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ARS Home » Northeast Area » Washington, D.C. » National Arboretum » Floral and Nursery Plants Research » Research » Research Project #434195

Research Project: Evaluation and Genetic Improvement of Woody Ornamental Landscape Plants

Location: Floral and Nursery Plants Research

Project Number: 8020-21000-071-000-D
Project Type: In-House Appropriated

Start Date: Feb 14, 2018
End Date: Feb 13, 2023

Objective 1: Characterize and evaluate, breed, select, and release improved germplasm for woody landscape plants that have superior ornamental value, are tolerant of biotic and abiotic stress, and are not invasive. [NP301, C1, PS1B; C2, PS2A] Sub-objective 1a: Characterize germplasm and develop hybrids or breeding lines in genera currently under investigation, including Buxus, Cercis, Lagerstroemia, Prunus, and Ulmus. Sub-objective 1b: Propagate and evaluate (in-house and via cooperators) advanced selections of Buxus, Catalpa, Cercis, Nyssa, Lagerstroemia, Prunus, and Tsuga developed in previous cycles. Sub-objective 1c: Name, release, distribute, and promote new cultivars. Objective 2: Incorporate modern breeding tools to accelerate the creation, characterization, identification, selection, or evaluation of priority plant materials. [NP301, C1, PS1B; C2, PS2A] Sub-objective 2a: Test genes for altered plant architecture (developed previously by ARS scientists) in several woody ornamental plant genera. Sub-objective 2b: Use molecular markers to characterize germplasm or hybrids in Buxus and Tsuga, where phenotypic traits are ambiguous. Additional resources in the merged project will strengthen the research in the current Objective 2: Objective 2: Incorporate modern breeding tools to accelerate the creation, characterization, identification, selection, or evaluation of priority plant materials. [NP301, C1, PS1B; C2, PS2A]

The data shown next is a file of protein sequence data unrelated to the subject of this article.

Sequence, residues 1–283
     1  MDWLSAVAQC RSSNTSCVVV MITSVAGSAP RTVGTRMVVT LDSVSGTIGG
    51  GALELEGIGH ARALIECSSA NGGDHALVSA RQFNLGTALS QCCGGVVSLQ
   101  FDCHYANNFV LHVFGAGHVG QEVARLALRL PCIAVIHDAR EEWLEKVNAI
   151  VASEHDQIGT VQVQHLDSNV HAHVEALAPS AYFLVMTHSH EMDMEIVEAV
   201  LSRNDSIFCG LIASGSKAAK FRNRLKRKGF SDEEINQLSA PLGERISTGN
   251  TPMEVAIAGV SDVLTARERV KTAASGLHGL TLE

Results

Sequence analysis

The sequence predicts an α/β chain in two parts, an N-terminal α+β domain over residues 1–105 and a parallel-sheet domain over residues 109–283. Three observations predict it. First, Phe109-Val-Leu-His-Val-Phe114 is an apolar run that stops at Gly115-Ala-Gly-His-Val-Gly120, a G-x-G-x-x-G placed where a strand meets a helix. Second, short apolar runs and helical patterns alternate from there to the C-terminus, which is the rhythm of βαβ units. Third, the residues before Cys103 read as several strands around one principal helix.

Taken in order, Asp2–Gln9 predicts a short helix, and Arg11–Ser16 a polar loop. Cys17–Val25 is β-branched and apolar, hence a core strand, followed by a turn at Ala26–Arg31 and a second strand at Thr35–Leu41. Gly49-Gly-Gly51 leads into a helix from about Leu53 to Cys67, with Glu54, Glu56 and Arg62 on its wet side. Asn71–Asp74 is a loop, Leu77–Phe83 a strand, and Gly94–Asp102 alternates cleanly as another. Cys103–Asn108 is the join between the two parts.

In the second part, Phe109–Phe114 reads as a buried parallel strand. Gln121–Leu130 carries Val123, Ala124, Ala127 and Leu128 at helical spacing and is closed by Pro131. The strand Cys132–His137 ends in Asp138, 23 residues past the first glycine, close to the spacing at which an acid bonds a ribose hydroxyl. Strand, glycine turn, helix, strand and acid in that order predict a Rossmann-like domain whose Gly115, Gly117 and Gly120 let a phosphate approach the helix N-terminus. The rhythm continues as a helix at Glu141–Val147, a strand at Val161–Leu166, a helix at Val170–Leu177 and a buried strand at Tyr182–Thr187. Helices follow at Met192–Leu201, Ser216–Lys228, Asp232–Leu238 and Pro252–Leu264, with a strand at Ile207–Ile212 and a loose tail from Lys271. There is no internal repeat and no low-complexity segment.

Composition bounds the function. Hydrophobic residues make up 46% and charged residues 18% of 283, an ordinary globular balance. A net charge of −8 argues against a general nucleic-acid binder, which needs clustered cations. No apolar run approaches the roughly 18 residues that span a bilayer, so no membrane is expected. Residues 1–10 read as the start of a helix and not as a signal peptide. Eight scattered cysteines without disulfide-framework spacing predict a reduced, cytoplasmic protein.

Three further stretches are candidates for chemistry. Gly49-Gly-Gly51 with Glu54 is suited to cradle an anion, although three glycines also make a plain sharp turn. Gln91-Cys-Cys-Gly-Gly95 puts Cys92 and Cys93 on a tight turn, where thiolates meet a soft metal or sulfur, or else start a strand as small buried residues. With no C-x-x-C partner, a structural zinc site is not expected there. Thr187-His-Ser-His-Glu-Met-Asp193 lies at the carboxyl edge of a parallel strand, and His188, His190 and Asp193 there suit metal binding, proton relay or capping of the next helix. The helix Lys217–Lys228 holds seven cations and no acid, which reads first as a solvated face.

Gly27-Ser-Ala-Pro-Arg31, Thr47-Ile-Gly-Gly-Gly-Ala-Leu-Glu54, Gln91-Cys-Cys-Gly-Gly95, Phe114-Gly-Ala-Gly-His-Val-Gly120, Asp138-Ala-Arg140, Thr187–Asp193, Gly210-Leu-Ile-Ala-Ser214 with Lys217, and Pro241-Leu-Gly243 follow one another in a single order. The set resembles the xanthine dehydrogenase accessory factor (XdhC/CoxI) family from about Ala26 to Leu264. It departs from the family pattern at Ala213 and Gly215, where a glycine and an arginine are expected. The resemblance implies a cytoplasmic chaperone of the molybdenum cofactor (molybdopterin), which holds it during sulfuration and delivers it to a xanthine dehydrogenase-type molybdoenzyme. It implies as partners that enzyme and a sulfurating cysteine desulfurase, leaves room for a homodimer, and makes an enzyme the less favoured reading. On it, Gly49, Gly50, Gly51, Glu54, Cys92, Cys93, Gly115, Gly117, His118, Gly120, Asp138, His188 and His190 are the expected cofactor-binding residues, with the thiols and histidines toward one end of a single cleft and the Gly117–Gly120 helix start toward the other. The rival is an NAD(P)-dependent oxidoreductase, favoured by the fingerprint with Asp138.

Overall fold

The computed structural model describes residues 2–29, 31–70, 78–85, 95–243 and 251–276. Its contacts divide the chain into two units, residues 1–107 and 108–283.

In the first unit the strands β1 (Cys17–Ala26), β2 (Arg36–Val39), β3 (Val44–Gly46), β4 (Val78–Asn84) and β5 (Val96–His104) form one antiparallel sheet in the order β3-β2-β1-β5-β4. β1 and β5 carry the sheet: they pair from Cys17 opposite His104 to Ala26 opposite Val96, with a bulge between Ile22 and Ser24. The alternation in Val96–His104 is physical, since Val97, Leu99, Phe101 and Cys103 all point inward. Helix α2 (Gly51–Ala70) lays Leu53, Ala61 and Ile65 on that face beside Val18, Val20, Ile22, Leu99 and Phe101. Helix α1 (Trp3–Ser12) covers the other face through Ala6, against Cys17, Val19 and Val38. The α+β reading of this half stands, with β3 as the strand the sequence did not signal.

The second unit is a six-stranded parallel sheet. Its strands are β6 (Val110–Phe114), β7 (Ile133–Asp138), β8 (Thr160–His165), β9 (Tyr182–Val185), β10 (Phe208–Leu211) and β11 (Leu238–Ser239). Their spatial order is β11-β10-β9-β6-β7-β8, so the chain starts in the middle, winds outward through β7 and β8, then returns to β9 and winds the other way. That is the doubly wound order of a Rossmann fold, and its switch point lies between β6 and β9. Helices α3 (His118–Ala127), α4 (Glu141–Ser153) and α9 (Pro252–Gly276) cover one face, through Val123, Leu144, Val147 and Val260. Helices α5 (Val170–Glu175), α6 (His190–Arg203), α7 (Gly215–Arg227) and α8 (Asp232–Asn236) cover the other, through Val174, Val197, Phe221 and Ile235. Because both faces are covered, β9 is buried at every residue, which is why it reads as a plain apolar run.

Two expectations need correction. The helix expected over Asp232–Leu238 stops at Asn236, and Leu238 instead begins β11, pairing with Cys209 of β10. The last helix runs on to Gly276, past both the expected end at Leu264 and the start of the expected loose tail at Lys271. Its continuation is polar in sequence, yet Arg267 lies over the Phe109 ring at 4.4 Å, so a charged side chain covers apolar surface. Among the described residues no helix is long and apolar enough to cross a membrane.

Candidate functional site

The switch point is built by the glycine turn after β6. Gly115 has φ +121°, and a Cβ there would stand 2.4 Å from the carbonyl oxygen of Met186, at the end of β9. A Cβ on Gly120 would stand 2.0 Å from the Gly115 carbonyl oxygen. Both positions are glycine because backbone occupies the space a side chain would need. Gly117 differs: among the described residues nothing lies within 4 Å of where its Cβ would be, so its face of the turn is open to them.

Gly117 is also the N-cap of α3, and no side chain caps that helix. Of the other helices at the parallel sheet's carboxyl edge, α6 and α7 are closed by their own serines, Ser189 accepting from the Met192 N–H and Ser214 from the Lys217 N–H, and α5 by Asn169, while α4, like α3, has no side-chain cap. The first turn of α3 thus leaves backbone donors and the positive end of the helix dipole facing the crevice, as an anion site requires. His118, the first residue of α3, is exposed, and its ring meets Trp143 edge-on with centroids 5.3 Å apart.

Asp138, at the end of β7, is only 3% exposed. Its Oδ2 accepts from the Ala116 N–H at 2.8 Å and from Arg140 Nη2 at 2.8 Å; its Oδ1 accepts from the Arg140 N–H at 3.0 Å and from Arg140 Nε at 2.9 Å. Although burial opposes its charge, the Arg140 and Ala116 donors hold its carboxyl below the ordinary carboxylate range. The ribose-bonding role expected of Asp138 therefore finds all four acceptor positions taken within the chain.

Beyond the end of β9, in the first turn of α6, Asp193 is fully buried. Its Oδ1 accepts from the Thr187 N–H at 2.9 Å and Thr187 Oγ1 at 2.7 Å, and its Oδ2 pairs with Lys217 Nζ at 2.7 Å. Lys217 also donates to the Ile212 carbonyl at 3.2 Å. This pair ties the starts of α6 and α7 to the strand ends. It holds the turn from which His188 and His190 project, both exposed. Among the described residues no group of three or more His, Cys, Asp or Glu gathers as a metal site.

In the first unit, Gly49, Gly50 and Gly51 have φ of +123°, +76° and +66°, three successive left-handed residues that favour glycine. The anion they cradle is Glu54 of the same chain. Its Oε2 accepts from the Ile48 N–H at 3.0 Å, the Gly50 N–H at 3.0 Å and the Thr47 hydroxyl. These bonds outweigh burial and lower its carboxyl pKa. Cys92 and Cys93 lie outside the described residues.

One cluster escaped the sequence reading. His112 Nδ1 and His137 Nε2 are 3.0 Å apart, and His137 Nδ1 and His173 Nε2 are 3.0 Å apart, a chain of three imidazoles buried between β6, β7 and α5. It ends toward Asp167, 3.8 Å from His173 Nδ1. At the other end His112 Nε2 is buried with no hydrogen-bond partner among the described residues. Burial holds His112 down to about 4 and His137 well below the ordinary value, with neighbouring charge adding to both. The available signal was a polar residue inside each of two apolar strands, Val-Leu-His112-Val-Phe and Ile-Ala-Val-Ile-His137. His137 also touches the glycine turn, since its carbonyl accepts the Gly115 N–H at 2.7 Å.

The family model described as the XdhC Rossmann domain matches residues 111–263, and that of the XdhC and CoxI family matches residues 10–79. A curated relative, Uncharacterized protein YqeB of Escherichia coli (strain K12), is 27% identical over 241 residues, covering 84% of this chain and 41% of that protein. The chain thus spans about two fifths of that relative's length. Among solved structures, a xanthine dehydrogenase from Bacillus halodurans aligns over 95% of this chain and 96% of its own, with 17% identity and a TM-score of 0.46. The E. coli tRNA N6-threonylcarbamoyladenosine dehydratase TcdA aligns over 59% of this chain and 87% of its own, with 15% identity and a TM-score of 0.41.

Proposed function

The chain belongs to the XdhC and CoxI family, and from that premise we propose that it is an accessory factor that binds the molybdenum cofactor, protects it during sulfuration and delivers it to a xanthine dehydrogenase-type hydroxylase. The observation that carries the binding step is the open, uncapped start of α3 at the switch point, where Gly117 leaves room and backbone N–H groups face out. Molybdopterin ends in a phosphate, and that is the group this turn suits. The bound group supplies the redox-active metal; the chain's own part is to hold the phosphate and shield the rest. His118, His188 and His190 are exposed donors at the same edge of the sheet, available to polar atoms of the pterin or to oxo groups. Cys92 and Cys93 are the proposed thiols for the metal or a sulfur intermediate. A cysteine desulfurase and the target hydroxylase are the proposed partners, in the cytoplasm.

Objective 1: For classical breeding work, parental germplasm will be collected from native habitats, botanical repositories, and commercial sources, and will be evaluated in the polyhouse or field plots. Controlled hybridizations will be carried out in the field or greenhouse by hand or by insects in pollination cages or greenhouses to produce hybrid progeny, to determine compatibility among parents, and to study breeding systems and inheritance of traits of interest. Appropriate reciprocal and test crosses will be conducted for inheritance studies. In addition to traditional evaluations and classical breeding methodologies, several techniques will be used to characterize parental germplasm and develop hybrids. This includes ploidy analysis and manipulation and creating interploid hybrids and wide hybrids in order to develop seedless selections of priority genera. Resultant progeny will be screened for ploidy and evaluated for traits of interest. Promising selections will be propagated and transplanted to the field for further evaluation. Selections developed during previous project cycles that have performed well will also be propagated. These include elite clones of Buxus, Catalpa, Cercis, Nyssa, Lagerstroemia, Prunus, and Tsuga. Nursery cooperators, botanical gardens, or other cooperators will be chosen based on hardiness zone and production system, and at least three plants of each selection will be sent to each cooperator for evaluation. In consultation with ARS’s Office of Technology Transfer, plants selected for release will undergo stock increase by volunteer cooperators and will be released following the standard ARS administrative approval procedures. Promotional materials will be prepared and distributed. Propagation material will be sent to nurseries upon request until the cultivar is routinely available in the trade. Objective 2: For the first few years of this five-year plan, we will focus on establishing in vitro cultures of diverse woody taxa that would have the most impact from altered plant architecture (for example maples, crapemyrtles, beech, oaks, elms, flowering cherries). We will attempt to establish many diverse taxa in culture, recognizing that some taxa won’t be successful, and then focus on those few that perform well in terms of multiplication and regeneration using updates of protocols established already in our lab. Explants will consist of shoot tips, dormant buds, or seeds. Different protocols for regeneration, including organogenesis and embryogenesis, will be tested with ARS collaborators. Appropriate molecular markers will be used in conjunction with classical taxonomy and, when appropriate, ploidy analysis to determine genetic relationships among taxa and verify parentage of hybrids. Efforts will focus on markers in hemlock and boxwood for the first few years.